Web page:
"Look, O'Neil, I don't like this any more than you do. But this comes from right up top . . ."
"Stop it. You're breaking my heart."
In Taking Comfort, Roger Morris's satire on marketing, be- leaguered Rob witnesses a suicide on his way to work and then stumbles upon several more gruesome events, including a murder. Strangely, Rob takes a "souvenir" from each scene. It's an interesting idea, and there are flashes of competent prose, but the novel is undone by a fault common to many debuts: an overambitious structural theme that ends up suffocating the plot. Each chapter is loosely based on a consumer item, with parti-cular reference made to its corny luxuriousness. In a chapter entitled "The Yves Rocher Extreme Comfort Lipstick Bronze", Morris stops the action and quotes the fatuous blurb on the packaging ("Its fine film texture glides over your lips for a sensation of absolute comfort and impeccable hold"), while noting a receptionist's tragic reliance on the veneer of glamour it supplies. Eventually we are left with a diatribe on modern life which reads like a short story that outstayed its welcome.
Selfish Jean by Cate Sweeney, The Manuscript by Michael Stephen Fuchs and Across the Mystic Shore by Suroopa Mukherjee are less fatally flawed, but fail to grip. Sweeney's novel, a light piece about adoption, has an interesting sub-plot, but lacks punch. The Manuscript, a thriller about the search for an antique document that is said to explain the meaning of life, relies on obvious authorial involvement, notably in the characters' instant, unquestioning faith in the document's omnipotence. Across the Mystic Shore, a story of womanhood in India, is more literary, and is decently written, but remains flat for so long that the reader is unlikely to be engaged by the time events begin to mature.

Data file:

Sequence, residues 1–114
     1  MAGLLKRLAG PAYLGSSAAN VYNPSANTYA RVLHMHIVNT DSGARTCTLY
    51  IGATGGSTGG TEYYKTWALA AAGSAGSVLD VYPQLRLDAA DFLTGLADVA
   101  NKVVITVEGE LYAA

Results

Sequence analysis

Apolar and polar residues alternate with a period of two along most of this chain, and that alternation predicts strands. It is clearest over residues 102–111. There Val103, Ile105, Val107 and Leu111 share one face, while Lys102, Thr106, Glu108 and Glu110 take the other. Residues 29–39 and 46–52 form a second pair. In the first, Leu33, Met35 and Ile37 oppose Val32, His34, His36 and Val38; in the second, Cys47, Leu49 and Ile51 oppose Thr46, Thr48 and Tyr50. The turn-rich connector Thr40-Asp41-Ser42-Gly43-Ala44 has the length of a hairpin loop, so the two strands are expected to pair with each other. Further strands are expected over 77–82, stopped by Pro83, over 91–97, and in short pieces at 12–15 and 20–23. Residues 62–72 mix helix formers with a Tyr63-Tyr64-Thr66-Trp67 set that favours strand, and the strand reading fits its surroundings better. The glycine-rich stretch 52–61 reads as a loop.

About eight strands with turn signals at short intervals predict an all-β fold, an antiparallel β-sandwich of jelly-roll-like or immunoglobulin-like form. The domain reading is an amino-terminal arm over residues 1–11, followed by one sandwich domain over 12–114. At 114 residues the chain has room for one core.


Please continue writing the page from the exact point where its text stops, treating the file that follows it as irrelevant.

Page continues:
Most initially arresting is North by Brian Martin, about a beautiful, posh schoolboy who has a triangular affair with two teachers, one female and the other male. It is narrated by an odd figure who is involved in the plot but distances himself from it. Martin's crisp, lofty prose is a great success at first, and provides his snobbish narrator with a good line in short, dismissive character descriptions: an acquaintance's pregnant wife is portrayed as "fattening to the task of parturition". Later, however, the language loses some of its finesse ("He became a key player in that game of love"), and Martin's attempt to create a cultivated setting sometimes leads him into caricature. He also relies too heavily on literary references: a good percentage of the canon is name-dropped in the first few pages; and when, in the space of four lines, he misquotes Marvell's "To His Coy Mistress" and Larkin's "Aubade", one cries out for an editor to step in.
It remains to be seen whether any of MNW's authors succeeds. But if these novels were worth publishing at all (and I'm not convinced that they were), they needed better support at the final draft stage. More seriously, by making publication in effect non-paying, MNW demotes fiction-writing to the status of a hobby. Talent needs to be nurtured; those who possess it require remuneration. MNW offers neither satisfactorily, and a lower standard of novel seems a likely outcome. Ultimately, the biggest loss is to the reader.